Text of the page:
I am passionate about the events of WWII, beyond the trance of being enamored by battles and weaponry. I’m more fascinated about the acts of the participants. I love digging deeper into the minds of the generals, soldiers and civilians to learn how they performed, coped and survived.
One of my favorites is Dwight D. Eisenhower’s memoir titled, “Crusade in Europe." It was printed in 1948, and I was lucky to find it on my dad’s bookshelf. It’s a first edition, in fine condition, that carries considerable value. He gave it to me not knowing its worth and I’m not telling him. He’ll want it back. Ha! While I’ve read it now a few times, I always go back to read certain excerpts. Ike, as Eisenhower was commonly called, was an amazing human. He writes his memoir like a novel, and that is exactly how you feel reading it. He brings you through his war, through his eyes and his mind. You come to realize the stresses and pressures he was under to win the war. His decisions and his struggles all come to life. It’s as vivid as can be without having been there.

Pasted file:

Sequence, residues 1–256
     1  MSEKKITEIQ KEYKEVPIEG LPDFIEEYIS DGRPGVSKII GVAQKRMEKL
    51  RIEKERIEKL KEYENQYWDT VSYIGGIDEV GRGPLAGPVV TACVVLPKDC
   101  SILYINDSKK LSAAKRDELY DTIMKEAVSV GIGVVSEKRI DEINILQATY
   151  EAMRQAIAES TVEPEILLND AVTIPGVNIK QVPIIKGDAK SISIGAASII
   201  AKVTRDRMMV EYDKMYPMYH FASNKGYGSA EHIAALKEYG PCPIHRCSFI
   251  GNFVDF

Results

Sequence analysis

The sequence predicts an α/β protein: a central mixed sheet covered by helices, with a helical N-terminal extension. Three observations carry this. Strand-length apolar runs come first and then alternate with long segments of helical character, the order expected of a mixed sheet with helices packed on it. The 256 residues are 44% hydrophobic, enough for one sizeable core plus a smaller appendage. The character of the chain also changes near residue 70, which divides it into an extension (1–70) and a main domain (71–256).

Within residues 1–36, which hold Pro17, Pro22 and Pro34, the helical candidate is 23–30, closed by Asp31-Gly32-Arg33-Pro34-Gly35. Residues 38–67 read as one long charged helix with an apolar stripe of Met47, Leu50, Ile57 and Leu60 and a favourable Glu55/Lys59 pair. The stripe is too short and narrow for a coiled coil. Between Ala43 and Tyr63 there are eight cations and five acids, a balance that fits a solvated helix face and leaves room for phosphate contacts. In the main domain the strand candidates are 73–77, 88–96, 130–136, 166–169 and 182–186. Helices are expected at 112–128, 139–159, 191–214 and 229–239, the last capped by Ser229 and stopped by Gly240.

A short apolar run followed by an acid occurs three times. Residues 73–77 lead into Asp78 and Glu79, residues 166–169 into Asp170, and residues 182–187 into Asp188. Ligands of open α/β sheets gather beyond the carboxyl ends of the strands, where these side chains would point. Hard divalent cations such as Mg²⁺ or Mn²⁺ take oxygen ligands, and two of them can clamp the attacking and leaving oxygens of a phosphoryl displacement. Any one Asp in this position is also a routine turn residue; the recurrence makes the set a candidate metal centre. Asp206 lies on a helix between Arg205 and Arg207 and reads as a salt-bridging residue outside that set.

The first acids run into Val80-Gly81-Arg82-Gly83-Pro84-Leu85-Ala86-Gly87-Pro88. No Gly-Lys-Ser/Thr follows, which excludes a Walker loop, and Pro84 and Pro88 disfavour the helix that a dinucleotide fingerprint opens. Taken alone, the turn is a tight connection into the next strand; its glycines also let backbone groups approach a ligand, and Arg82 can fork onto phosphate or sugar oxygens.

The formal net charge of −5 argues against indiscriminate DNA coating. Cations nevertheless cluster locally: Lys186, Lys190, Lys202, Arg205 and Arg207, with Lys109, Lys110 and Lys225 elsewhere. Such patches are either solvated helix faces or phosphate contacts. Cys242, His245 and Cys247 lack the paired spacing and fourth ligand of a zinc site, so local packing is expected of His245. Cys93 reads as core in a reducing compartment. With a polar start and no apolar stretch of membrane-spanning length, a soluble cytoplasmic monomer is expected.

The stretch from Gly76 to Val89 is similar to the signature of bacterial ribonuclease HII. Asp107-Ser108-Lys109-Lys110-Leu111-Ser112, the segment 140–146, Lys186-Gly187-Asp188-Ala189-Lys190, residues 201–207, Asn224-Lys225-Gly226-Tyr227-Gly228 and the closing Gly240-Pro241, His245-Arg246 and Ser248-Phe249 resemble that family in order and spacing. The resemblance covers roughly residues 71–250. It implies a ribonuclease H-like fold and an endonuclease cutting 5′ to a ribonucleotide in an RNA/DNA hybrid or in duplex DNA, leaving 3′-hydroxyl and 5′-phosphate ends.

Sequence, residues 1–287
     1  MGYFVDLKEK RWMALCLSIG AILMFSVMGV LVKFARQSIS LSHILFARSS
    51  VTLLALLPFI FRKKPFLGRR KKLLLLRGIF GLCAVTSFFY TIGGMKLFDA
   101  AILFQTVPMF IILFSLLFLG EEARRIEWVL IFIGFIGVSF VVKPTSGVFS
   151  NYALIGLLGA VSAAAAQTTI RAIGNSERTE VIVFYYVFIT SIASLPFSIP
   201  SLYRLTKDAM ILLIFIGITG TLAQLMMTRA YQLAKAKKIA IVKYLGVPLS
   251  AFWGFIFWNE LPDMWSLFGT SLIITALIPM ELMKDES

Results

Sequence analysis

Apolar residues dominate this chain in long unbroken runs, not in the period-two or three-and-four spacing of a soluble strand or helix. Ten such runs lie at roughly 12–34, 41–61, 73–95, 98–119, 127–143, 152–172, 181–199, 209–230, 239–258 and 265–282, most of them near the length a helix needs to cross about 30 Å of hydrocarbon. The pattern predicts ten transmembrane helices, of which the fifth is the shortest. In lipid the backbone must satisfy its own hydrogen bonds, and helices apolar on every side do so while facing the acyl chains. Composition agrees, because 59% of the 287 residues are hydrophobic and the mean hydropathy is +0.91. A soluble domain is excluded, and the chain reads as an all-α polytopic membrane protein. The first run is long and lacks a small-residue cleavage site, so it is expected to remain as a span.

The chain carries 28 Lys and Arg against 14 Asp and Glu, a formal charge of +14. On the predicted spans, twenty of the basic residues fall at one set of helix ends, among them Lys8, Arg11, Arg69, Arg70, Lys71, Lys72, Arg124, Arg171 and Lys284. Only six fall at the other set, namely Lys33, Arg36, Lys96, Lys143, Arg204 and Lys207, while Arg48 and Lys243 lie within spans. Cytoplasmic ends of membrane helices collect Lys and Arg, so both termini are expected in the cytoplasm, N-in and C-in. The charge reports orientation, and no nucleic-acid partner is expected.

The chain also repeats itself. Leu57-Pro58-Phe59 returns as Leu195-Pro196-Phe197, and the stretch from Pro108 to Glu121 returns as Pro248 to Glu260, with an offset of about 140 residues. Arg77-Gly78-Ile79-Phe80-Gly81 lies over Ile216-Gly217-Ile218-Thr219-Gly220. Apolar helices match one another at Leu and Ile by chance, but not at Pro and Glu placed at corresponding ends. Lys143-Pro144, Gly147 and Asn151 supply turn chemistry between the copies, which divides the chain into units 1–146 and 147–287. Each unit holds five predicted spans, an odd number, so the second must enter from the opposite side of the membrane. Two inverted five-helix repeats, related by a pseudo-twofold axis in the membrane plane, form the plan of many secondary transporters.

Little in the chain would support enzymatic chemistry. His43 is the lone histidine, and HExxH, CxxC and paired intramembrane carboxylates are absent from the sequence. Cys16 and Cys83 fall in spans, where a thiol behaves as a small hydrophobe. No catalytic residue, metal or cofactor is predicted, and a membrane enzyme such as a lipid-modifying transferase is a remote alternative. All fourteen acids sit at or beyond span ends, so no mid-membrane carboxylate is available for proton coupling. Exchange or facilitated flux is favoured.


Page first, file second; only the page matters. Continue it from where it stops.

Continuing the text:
The book reminds me that no matter what life throws my way, no matter how bad things get, the people who lived during those events had it worse. Way worse. I remember Ike’s words and they give me strength to overcome anything. They let me understand that I have no excuses not to do something, not to be something and not to do something. They remind me to keep going. Thanks Ike.